Imagine me walking into a corporate executive's office.
Me: How important is trust to the health of your workplace?
Executive: Why, it's critical.
Executive: Who are you? And why are you in my office wearing pajamas?
Me: I'm America's most-beloved workplace advice columnist. I wear what I please.
Then the police come, and there's some unpleasantness. All in the name of trust!
Most managers and employees agree trust is the foundation on which a happy workplace is built.
But a new survey by ELI Inc., a corporate training company that focuses on workplace conduct, found that about 30 percent of working people don't believe there is a "climate of trust" at their company. And about half the respondents complain that mangers tend to say one thing and do another.
This falls in line with similar surveys I've seen, and it raises the question: Why is this so hard?
Stephen Paskoff, president of ELI and a former trial attorney with the Equal Employment Opportunity Commission, said companies get so tied up with communication — sometimes devoting months to crafting mission statements — that they lose focus on day-to-day behavior.
"Many leaders don't really recognize that trust is a business imperative," Paskoff said. "And trust is about behavior. Companies in general struggle with all the words, but the words aren't what really matters. It's the underlying behaviors, and that's what needs to change."
Through its research, Paskoff's company has come up with three questions to help managers gauge their trustworthiness. They are also guideposts for simple ways to increase workplace trust.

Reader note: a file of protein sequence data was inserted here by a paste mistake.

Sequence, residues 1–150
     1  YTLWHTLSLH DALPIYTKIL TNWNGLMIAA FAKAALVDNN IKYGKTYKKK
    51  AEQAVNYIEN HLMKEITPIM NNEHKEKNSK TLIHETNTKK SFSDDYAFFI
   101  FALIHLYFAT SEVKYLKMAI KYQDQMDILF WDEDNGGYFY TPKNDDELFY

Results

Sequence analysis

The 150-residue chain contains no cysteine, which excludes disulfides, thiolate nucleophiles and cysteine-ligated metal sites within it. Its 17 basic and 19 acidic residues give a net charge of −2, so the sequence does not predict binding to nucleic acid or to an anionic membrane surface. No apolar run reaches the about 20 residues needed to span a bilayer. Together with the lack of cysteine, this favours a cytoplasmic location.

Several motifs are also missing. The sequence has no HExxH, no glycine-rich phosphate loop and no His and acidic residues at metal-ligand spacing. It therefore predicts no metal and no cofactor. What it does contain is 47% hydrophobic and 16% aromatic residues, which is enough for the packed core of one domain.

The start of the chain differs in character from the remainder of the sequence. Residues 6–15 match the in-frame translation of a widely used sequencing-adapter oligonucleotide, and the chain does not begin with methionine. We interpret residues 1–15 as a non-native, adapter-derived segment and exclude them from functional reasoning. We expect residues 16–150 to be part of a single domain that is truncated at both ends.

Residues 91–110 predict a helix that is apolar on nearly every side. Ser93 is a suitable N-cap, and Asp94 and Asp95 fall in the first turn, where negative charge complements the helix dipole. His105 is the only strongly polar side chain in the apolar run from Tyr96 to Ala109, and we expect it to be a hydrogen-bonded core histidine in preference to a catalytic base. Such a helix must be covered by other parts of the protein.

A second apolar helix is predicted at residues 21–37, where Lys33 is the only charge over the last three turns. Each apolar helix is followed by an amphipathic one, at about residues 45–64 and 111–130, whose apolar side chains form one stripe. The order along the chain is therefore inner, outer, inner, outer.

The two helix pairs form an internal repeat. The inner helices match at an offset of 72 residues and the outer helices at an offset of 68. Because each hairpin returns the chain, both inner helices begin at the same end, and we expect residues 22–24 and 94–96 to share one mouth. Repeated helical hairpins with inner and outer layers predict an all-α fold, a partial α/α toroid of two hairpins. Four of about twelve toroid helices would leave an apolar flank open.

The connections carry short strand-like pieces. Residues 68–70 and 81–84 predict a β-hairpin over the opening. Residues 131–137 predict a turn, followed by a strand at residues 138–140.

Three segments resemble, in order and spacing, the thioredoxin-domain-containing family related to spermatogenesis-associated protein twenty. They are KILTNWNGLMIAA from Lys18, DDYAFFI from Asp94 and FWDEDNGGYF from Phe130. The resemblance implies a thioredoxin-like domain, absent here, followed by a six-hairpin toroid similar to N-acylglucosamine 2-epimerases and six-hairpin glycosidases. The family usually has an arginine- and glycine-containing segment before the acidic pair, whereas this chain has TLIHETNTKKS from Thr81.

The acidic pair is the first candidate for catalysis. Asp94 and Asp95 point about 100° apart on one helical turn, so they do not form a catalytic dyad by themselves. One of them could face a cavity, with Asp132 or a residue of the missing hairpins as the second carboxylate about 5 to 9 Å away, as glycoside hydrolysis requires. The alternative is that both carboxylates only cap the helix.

•Do you do what you say you'll do?
•Do you tell the truth and admit when you make mistakes or when something changes?
•Do you listen to concerns or ideas and let employees know how they'll be handled?
This isn't difficult stuff. In many ways it boils down to the I Just Work Here mantra: Be a decent human being.
I agree with Paskoff's assertion that we tend to obsess on words, but I'd take it a step further and say we're too sensitive. We hesitate to say "You're wrong, and this is why," just as much as we hold off praise. We want trust and honesty, yet we seem to be afraid to be honest.
Jake Breeden, a leadership coach and author of the book "Tipping Sacred Cows: Kick the Bad Work Habits That Masquerade As Virtues," thinks part of the problem is the relentless pursuit of workplace fairness.
Humans are inclined to treat others fairly, as Breeden notes in his book: "MRI studies have shown the reward network in our brain is activated when we see people treated fairly."